Ignorance is Bliss

Can we pretend the world isn’t burning?

I’ve switched off the news.

There. I said it. I’m no longer seeing hate crimes and watching the evening scuffle of politicians attempting to outdo each other with their sense of worth. I’ve switched off. My social media notifications are no longer blinking. I have turned my private space into a cavernous pit of emptiness. Only my thoughts echo in this chamber.

Is this a positive move? Am I feeling better by feeling uninformed? What good has all that information done for me anyway? My Twitter feed is full of rage. People screaming of injustice with every shade of agenda. I get trolled for expressing an opinion about art and the need not to grab a pitchfork when a mob assembles. My own face is captured in a tweet and slung back at me. Even now, I’m confused as to what that all meant.

From the writer’s Tweet personal Tweet.

Can anyone help?

All around me, the constant cries of anguish and deflated hope. People screaming for attention. I’m in too deep. I can’t think straight. My mind is ablaze with every turn. Each radical opinion makes perfect sense. A debate from all sides and I can no longer cope with truth recognition. What’s the real story? Who is telling the truth? What angle are they coming at?

It reminds me of an old philosophical debate. One that centered on true inner peace by not knowing anything. Knowledge and bliss lay in between the spaces of knowing nothing. Reality doesn’t matter if you’re blind to it all.

The scenario spoke of a woman who worked tirelessly as a nurse. Each night, after every long double-hour shift, she would treat herself to a latte. Not just any old latte, but a special double-shot, almond milk with beans squeezed through the butt of a virginal child whose beauty bequeathed a thousand poems. Yes. It was a very special latte.

Then one night, a charity collector appeared and begged her for money. He presented a strong case for saving a child’s eyesight. For the price of one latte, she could help a small orphaned child suffering from trachoma. She could help her see again.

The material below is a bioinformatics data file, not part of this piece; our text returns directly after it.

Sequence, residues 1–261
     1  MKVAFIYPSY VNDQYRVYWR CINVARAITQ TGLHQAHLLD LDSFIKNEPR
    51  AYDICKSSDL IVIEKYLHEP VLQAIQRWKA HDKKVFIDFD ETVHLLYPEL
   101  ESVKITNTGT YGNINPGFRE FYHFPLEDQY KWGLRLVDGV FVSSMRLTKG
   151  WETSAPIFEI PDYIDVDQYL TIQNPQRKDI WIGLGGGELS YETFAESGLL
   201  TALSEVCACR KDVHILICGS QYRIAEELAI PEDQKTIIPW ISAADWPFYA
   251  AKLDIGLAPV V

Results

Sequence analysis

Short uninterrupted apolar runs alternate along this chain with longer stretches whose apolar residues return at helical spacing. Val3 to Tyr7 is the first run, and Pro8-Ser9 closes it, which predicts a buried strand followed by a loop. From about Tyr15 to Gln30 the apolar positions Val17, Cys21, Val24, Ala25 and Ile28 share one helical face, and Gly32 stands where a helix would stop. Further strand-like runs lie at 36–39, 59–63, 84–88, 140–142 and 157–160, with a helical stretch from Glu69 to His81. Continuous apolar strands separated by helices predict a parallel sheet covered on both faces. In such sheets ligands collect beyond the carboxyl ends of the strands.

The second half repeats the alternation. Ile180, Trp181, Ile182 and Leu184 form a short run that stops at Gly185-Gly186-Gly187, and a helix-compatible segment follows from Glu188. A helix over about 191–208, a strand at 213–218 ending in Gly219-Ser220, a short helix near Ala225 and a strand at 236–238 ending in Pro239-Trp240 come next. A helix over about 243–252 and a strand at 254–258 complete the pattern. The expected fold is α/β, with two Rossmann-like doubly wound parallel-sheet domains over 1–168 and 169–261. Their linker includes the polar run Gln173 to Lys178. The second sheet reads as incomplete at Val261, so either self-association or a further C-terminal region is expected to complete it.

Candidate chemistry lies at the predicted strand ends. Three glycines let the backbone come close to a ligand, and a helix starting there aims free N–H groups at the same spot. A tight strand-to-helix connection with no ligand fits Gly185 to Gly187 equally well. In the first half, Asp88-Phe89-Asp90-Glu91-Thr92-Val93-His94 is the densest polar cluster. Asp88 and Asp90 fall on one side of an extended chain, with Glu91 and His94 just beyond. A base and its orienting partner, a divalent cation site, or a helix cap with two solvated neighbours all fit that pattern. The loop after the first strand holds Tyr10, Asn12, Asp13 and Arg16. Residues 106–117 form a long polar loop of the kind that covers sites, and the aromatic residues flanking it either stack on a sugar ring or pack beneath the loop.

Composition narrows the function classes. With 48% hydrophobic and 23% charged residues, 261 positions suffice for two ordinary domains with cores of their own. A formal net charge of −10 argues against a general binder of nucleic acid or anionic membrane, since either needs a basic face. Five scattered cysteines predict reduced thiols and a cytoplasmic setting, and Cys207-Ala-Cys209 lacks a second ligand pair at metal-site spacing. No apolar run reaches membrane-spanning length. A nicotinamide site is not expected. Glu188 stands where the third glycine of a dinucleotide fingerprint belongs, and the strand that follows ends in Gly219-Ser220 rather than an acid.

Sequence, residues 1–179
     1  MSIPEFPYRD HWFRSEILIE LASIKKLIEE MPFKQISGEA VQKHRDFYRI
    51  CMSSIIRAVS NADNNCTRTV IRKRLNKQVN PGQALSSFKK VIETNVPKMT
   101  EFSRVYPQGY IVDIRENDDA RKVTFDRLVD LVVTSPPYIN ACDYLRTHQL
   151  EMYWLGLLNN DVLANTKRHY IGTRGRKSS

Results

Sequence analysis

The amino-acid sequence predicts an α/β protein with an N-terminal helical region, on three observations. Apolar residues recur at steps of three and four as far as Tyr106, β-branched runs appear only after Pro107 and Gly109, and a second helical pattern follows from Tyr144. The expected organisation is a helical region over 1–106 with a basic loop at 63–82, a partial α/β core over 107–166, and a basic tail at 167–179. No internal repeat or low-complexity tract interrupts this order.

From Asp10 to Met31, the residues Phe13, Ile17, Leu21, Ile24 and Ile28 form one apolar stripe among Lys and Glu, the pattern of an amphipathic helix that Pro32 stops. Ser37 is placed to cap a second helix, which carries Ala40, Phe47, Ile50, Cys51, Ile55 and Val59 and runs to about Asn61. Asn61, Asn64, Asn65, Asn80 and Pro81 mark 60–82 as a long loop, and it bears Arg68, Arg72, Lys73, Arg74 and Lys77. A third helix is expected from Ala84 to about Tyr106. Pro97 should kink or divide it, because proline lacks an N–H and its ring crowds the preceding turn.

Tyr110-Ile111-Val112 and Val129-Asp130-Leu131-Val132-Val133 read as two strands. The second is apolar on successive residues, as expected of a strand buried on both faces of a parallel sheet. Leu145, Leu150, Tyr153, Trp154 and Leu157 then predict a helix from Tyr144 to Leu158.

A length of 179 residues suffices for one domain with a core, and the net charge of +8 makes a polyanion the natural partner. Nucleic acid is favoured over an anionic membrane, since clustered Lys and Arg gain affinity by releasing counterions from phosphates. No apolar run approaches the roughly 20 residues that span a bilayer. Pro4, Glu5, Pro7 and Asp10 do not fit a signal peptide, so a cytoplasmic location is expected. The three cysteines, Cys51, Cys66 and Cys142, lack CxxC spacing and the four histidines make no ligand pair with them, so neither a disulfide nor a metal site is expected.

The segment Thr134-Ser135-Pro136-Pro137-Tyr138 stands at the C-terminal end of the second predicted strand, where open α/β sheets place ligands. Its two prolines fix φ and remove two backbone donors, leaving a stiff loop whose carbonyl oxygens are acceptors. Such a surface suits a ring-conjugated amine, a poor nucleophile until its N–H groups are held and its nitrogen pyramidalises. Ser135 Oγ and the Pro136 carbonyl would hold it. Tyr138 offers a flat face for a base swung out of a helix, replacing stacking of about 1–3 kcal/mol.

The nurse hands over her latte money and smiles the smile of the righteous and just. She has a moment of regret missing out on her treat, but she feels good. She’s done a blessing. She’s saved a child’s sight. What, after all, is her fleeting pleasure against the loss of another person’s sight?

The next night, the charity collector is gone. Our heroic nurse recalls the exchange, the sacrifice she made, the choice of a latte to save another’s eyes. She wonders if she’ll ever be able to enjoy her latte again.

Ignorance is bliss.

Not knowing about the children dying and crying and suffering and weeping and generally not living life to their fullest, makes us happier. Of course, we’re all aware of the world suffering. We all know of at least one person to endure the pain of cancer. We know, deep down, that there are children conscripted into armies and paying the price for religious dogma. We know there are immigrants dying in small boats attempting to leave countries torn apart from war. And we all know that millions have already died from an invisible disease that has robbed us all of our freedom.

Do you feel better knowing this? Do you have enough empathy to share with the world? Do you have a moral duty to reduce poverty because you’re more affluent?

It’s a reasonable argument, isn’t it? If it’s within your power to alleviate significant suffering at a comparatively little cost, then why aren’t you? At what point do you stop? What price are you willing to pay?

Me? I’ve chosen to switch off.

I can no longer help. I’m pretty sure I didn’t do much to begin with. I did my bit every now and then. Helped an old lady across the road. Slipped a few coins to a beggar. Cried a river at the unethical behavior of certain politicians. Pinpointed the ugliness of human nature on a social media platform. Called out the bigots and the racists and the half-breed morons whose dumbness would shine at a rally for the Ill-Equipped and Hard to Think brigade’s Annual Meeting of Stupid. And lots more. But who have I helped? What tangible benefit can I show?

I’m trying not to care. I’m trying to be me. To simply be. To ignore the divides that are sweeping the nation. Should I feel guilty for self-help? In an age where we’re advised to talk to others, to share our emotional state, to express our feelings to stave off the madness of mental health, am I right in choosing this path?

Middle-class guilt gnaws away at me. How can I simply do nothing? How can anyone? The world’s on fire and everybody is doing something…aren’t they?

Everyone that is except me. I’ve switched off.

I’ve yet to decide if this will be permanent.

My ignorance, for now, is indeed bliss.

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